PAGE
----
The fifth annual Cost of Cybercrime report from the Ponemon Institute found that businesses lose an average of $12.7 million to cybercrime. This is up 9.7 percent over the previous report’s study, indicating that the cost of cybercrime is on the rise.
The report this year was sponsored by Hewlett Packard’s Enterprise Security division and it found that business disruptions account for about three-quarters of those cybercrime losses. The report confirmed, as of previous ones, that business who prioritize cybercrime prevention tend to fare better in terms of losses than do those who do not.
Companies who use technology to catch and flag potential intrusions into critical systems, the report says, for exmaple, have costs lowered by about $2.6 million (to $10.1M) versus those who do not ($12.7M). The highest cost is usually incurred in the minutes it can take a security team to detect and stop a breach which could have otherwise been thwarted by automated software.
The Ponemon Institute has conducted its cybercrime costs survey annually for the past five years. The report suggests that most companies are generally unaware of what is happening on their networks. The average company took 170 days to detect an attack and 31 days, on average, to resolve cybercrime attacks. Each day added an average of nearly $21,000 onto the cost of the attack.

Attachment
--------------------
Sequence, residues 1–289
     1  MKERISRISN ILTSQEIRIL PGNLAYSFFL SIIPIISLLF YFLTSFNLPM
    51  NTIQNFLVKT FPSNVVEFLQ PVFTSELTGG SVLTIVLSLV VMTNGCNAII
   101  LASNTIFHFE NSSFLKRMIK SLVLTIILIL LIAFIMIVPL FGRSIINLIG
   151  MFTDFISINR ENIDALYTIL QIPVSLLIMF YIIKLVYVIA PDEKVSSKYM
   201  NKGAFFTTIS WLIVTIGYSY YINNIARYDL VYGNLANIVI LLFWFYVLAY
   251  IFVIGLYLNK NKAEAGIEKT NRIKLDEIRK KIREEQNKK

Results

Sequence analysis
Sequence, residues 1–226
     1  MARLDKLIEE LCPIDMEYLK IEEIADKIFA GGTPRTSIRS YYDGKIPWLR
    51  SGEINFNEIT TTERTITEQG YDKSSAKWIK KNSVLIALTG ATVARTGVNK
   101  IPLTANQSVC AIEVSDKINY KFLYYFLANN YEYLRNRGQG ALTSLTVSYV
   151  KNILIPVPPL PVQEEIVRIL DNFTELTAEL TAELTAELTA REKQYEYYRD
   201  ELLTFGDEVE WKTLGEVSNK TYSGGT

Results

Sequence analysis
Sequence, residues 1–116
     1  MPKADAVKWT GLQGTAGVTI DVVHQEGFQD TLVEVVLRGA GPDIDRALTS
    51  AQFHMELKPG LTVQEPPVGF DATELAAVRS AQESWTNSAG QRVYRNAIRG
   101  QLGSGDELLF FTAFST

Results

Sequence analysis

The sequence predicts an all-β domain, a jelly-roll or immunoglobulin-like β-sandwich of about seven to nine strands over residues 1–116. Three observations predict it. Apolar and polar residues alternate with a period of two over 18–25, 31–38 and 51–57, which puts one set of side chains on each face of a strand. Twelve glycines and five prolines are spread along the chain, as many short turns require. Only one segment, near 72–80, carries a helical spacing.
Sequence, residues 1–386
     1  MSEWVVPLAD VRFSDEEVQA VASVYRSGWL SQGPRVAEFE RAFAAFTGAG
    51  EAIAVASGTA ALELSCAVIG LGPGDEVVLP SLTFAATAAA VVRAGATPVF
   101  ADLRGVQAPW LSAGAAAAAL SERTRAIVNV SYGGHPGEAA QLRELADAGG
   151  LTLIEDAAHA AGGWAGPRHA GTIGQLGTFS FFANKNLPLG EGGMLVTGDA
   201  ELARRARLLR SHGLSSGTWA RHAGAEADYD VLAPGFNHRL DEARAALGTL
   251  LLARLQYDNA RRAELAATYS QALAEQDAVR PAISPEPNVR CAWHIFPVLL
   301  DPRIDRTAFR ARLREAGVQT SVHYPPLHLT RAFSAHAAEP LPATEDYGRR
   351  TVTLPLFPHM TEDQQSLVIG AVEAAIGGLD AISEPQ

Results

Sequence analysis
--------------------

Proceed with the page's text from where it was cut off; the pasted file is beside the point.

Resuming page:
The Ponemon survey focused on corporations with 1,000 or more employees, however, but suggests that smaller firms may take a larger hit, in terms of percentage of revenue lost, than do larger ones. Smaller companies, the report says, pay an average of $1,601 per worker, they estimate, versus the $437 per worker paid by the larger firms surveyed.
The report can be found here.
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